US President Donald Trump
said that “all options” are under consideration in response to North Korea
firing an unidentified ballistic missile
on Tuesday as Kim Jong Un’s latest provocation rattled markets.
“The world has received North Korea’s latest message loud and clear: this regime has signalled its contempt for its neighbours, for all members of the United Nations, and for minimum standards of acceptable international
behaviour,” Trump said in a statement Tuesday before flying to Texas.
“Threatening and destabilising actions only increase the North Korean regime’s isolation in the region and among all nations of the world,” according to the statement. “All options are on the table.”
landed in the Pacific Ocean about 1,200 km east of Japan’s northern island of Hokkaido, Chief Cabinet Secretary Yoshihide Suga told reporters. South Korean President Moon Jae-in ordered a show of force in response, with four F-15K jet fighters
conducting bomb-dropping drills.
US Ambassador to the United Nations Nikki Haley
said the launch was "absolutely unacceptable and irresponsible" and that the Security Council now needed to take serious action.
US stocks rebounded from earlier losses sparked by the missile
launch as investors
speculated the event wouldn’t lead to a wider conflagration. The dollar fell to its lowest level in more than 2-1/2 years against a basket of major currencies, benchmark 10-year Treasury yields fell and the price of gold hit more than a nine-month peak.
passing over Japan
is an unprecedented, grave and serious threat,” Prime Minister Shinzo Abe
told reporters in Tokyo. Abe said he spoke with Trump for 40 minutes, and they agreed to increase pressure on North Korea.
He also called for China
to take action.
The White House said in a statement that Trump and Abe agreed that North Korea
poses “a grave and growing direct threat” to the US, Japan, South Korea and countries around the world. The two agreed to try to increase international
pressure on Pyongyang.
Security Council was scheduled to discuss North Korea
at a closed session following a 10 am meeting Tuesday.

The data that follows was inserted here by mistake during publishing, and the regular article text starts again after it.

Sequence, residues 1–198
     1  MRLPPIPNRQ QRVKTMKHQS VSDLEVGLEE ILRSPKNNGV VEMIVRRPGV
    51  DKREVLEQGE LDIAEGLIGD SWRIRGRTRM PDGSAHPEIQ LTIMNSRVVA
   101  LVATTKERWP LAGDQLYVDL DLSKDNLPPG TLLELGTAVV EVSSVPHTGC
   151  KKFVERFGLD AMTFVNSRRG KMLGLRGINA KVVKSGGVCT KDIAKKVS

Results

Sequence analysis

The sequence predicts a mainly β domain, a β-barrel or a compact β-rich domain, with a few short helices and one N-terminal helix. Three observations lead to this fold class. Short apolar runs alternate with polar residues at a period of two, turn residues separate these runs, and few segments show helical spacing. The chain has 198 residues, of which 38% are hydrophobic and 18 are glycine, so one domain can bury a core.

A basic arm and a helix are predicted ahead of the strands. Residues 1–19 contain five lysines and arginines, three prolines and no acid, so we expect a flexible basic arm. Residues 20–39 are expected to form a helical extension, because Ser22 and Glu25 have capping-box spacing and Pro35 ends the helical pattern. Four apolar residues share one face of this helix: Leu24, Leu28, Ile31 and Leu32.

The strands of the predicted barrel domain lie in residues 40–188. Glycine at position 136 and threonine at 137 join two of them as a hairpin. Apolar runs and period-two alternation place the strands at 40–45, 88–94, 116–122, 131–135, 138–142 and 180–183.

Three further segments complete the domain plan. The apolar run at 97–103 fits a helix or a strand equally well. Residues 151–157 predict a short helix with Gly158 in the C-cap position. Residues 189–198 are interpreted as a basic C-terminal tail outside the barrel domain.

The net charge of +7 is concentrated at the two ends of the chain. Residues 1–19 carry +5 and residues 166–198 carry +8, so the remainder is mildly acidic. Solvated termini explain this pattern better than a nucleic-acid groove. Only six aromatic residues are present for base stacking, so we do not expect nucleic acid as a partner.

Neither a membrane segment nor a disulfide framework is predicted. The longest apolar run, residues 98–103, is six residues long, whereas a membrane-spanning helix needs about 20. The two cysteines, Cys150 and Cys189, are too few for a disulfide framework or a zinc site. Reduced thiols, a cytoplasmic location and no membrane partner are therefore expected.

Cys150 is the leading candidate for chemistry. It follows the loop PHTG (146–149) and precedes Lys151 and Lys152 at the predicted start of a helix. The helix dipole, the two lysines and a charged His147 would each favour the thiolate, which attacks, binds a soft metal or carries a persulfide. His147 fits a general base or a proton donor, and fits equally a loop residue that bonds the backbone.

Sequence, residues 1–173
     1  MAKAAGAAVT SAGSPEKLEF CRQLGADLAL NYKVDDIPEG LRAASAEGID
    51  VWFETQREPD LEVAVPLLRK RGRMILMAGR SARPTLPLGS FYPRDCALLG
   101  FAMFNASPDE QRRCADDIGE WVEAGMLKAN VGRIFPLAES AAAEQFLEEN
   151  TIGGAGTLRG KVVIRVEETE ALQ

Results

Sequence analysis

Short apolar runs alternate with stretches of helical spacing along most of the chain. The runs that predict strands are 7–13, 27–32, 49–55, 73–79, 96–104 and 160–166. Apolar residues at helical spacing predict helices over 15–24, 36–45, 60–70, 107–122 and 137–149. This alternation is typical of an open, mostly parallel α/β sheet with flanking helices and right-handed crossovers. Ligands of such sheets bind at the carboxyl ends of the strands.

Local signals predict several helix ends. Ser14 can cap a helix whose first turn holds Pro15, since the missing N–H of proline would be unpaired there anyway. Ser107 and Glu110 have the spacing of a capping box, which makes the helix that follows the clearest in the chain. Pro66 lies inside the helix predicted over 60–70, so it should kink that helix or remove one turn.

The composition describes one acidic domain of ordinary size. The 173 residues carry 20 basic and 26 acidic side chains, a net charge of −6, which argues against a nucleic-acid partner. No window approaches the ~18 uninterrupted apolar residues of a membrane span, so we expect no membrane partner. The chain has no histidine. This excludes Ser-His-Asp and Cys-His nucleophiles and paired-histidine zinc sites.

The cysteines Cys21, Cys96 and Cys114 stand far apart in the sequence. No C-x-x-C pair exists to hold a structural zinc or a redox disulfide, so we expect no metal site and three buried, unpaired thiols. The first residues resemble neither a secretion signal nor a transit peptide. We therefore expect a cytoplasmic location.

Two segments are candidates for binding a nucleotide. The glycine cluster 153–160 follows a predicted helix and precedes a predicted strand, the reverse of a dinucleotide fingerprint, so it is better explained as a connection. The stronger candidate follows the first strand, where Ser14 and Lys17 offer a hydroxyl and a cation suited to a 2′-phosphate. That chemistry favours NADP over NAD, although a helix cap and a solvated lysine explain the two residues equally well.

Asked by reporters what he would do regarding North Korea
as he left the White House for Texas to survey hurricane damage, Trump said, “We’ll see, we’ll see."
It was the first North Korean projectile to fly over Japanese airspace
since the regime launched a rocket over Okinawa in 2016, and undermines nascent hopes for dialogue with North Korea.
That’s after tensions had appeared to cool following a war of words between Trump and Kim earlier this month.
is acting as if it’s a nuclear weapons state,” John Park, director of the Korea Working Group at Harvard Kennedy School, told Bloomberg Television. “You can draw any number of red lines; in North Korea’s mind they’re on the cusp of getting itself the capabilities that are in the realm of the great powers.”
The state-run Korean Central News Agency mocked and goaded Trump in a commentary that didn’t reference the missile.
It called the US president “the source of headache at home and abroad” and said his policies were “either ignored or delayed” and he was snubbed by other Western leaders.
South Korean stocks led regional losses, with the Kospi index sliding as much as 1.6 per cent before closing 0.2 per cent lower. Safe haven assets
from gold to Treasuries and the yen advanced.
Trump spoke with Abe and last week said Kim was “starting to respect us,” a shift in tone after he vowed earlier in the month that threats from North Korea
would be met with “fire and fury.” He has previously said military
force is an option to prevent Kim from gaining a nuclear-tipped intercontinental ballistic missile.